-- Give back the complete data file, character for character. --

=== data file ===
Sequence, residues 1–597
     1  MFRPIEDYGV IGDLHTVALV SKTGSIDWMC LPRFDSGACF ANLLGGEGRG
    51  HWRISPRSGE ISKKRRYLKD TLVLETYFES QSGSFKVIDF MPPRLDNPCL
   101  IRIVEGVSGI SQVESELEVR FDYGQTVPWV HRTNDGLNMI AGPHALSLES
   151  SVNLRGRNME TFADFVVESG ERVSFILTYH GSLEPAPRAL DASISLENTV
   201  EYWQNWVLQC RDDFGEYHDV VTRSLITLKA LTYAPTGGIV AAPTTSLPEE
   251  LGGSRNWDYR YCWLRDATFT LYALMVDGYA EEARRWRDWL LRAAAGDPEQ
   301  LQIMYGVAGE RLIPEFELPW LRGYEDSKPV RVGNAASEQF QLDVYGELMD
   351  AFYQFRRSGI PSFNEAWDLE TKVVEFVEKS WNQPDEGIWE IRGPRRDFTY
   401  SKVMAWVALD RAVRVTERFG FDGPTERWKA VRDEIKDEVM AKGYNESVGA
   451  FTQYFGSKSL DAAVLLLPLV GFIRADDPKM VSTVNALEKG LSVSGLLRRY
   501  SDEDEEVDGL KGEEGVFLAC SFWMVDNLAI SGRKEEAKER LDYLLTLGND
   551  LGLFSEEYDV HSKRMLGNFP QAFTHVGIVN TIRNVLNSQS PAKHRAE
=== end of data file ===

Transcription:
Sequence, residues 1–597
     1  MFRPIEDYGV IGDLHTVALV SKTGSIDWMC LPRFDSGACF ANLLGGEGRG
    51  HWRISPRSGE ISKKRRYLKD TLVLETYFES QSGSFKVIDF MPPRLDNPCL
   101  IRIVEGVSGI SQVESELEVR FDYGQTVPWV HRTNDGLNMI AGPHALSLES
   151  SVNLRGRNME TFADFVVESG ERVSFILTYH GSLEPAPRAL DASISLENTV
   201  EYWQNWVLQC RDDFGEYHDV VTRSLITLKA LTYAPTGGIV AAPTTSLPEE
   251  LGGSRNWDYR YCWLRDATFT LYALMVDGYA EEARRWRDWL LRAAAGDPEQ
   301  LQIMYGVAGE RLIPEFELPW LRGYEDSKPV RVGNAASEQF QLDVYGELMD
   351  AFYQFRRSGI PSFNEAWDLE TKVVEFVEKS WNQPDEGIWE IRGPRRDFTY
   401  SKVMAWVALD RAVRVTERFG FDGPTERWKA VRDEIKDEVM AKGYNESVGA
   451  FTQYFGSKSL DAAVLLLPLV GFIRADDPKM VSTVNALEKG LSVSGLLRRY
   501  SDEDEEVDGL KGEEGVFLAC SFWMVDNLAI SGRKEEAKER LDYLLTLGND
   551  LGLFSEEYDV HSKRMLGNFP QAFTHVGIVN TIRNVLNSQS PAKHRAE